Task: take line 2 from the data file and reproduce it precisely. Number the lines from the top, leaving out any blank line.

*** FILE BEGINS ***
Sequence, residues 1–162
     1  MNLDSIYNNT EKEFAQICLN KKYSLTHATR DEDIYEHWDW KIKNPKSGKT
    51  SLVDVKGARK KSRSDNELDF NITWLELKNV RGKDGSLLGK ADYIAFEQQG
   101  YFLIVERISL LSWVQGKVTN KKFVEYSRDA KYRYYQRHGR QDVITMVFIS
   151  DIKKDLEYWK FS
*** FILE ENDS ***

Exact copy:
     1  MNLDSIYNNT EKEFAQICLN KKYSLTHATR DEDIYEHWDW KIKNPKSGKT